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Most digital marketers have a content strategy they would confidently defend and rightly so. Content strategies ensure there’s always something new and useful on your site for visitors and define how that content will be promoted.

The main problem with this is that something that probably started off with all the best intentions can quickly become lip service and a chore.

Keeping it fresh and relevant is a challenge.

A ‘content strategy’ is not a new idea. Although today there is an increased emphasis on its value, a content strategy derives from the old adage that great content is rarely created by chance.

I often hear marketers talking a about a website or content destination as a ‘house’ and, while this is useful, I think many need to think more about how content is what you add to make a house a home.

If you think of your audience as the people who come by for a visit, the content on your site is what makes them want to come back and visit you again.

It would be easy to say that every marketer needs a sound digital content strategy but that does nothing to help anyone seeking to improve an existing strategy. The question is where do you start, what would be most useful to your customers and how do you deliver that information in the most effective way possible?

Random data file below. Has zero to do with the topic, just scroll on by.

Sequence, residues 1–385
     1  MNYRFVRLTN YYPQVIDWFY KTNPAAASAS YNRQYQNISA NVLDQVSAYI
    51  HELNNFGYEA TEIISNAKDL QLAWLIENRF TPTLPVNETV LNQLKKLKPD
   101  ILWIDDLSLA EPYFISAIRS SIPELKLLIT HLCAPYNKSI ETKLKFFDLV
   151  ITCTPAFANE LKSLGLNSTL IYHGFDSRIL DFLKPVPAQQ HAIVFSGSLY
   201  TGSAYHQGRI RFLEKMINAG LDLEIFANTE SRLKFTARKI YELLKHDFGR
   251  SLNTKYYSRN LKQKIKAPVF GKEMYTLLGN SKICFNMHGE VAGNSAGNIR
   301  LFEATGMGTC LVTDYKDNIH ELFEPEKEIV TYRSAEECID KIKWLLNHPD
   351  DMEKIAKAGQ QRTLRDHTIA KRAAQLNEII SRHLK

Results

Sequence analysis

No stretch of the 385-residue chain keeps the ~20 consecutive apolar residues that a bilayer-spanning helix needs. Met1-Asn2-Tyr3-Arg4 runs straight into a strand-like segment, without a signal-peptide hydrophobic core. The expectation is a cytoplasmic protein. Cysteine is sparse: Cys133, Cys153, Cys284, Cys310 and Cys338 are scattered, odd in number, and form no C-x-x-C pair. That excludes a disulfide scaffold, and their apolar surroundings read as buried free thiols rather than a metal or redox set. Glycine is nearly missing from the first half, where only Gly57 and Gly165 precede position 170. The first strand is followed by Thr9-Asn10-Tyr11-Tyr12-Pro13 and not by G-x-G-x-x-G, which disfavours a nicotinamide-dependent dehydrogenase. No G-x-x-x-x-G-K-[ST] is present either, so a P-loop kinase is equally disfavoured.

Spend time on your site

The value of spending time on your site cannot be overestimated. The more time you spend on your site, the better your knowledge of what makes it special will be.

It is near impossible to create a site visitors will want to return to without being a regular user of the site yourself. Put yourself in their shoes. Just like in a real house, if it is merely a place to lay your head and hang your coat, then it will never mean more to you than a basic coat rack.

Make the most of all your pages

To get the most out of your content strategy, you have to make full use of the whole site and not just the ‘obvious’ pages.

Quite often you find a website with lots of great content on the homepage but a severe deficiency the further you delve into the site. Not using all the pages on your site would be the same as buying a massive house with a large kitchen and king size bedroom but sleeping, eating and cooking in the front room.

It is important to make useful information available to you visitors at every turn

Listen and get involved in existing conversations

The term ‘engagement’ is bandied around by marketers all the time these days. And engaging on networks like Twitter and Facebook is relatively straightforward. But engagement on your own website is equally important and is, in many cases, much harder.

But a site that does a good job of engaging visitors will achieve far greater results. This could be as simple as including dynamic content such as Twitter feeds or it could involve having a regularly updated blog with lots of comments. So, put the welcome mat out, stick the kettle on and make your home feel alive.

The true test of any content strategy is whether or not it facilitates the consistent delivery of information your customers find interesting, engaging and useful. And if it is true that a house in which nobody lives is nobody’s home, the aim would not only be to attract visitors but to provide something that will make them want to come back for more.


Published 28 May, 2012 by Rob McLeod

Rob McLeod is Head of Planning at Realise Digital and a guest blogger on Econsultancy. 

8 more posts from this author

Comments (6)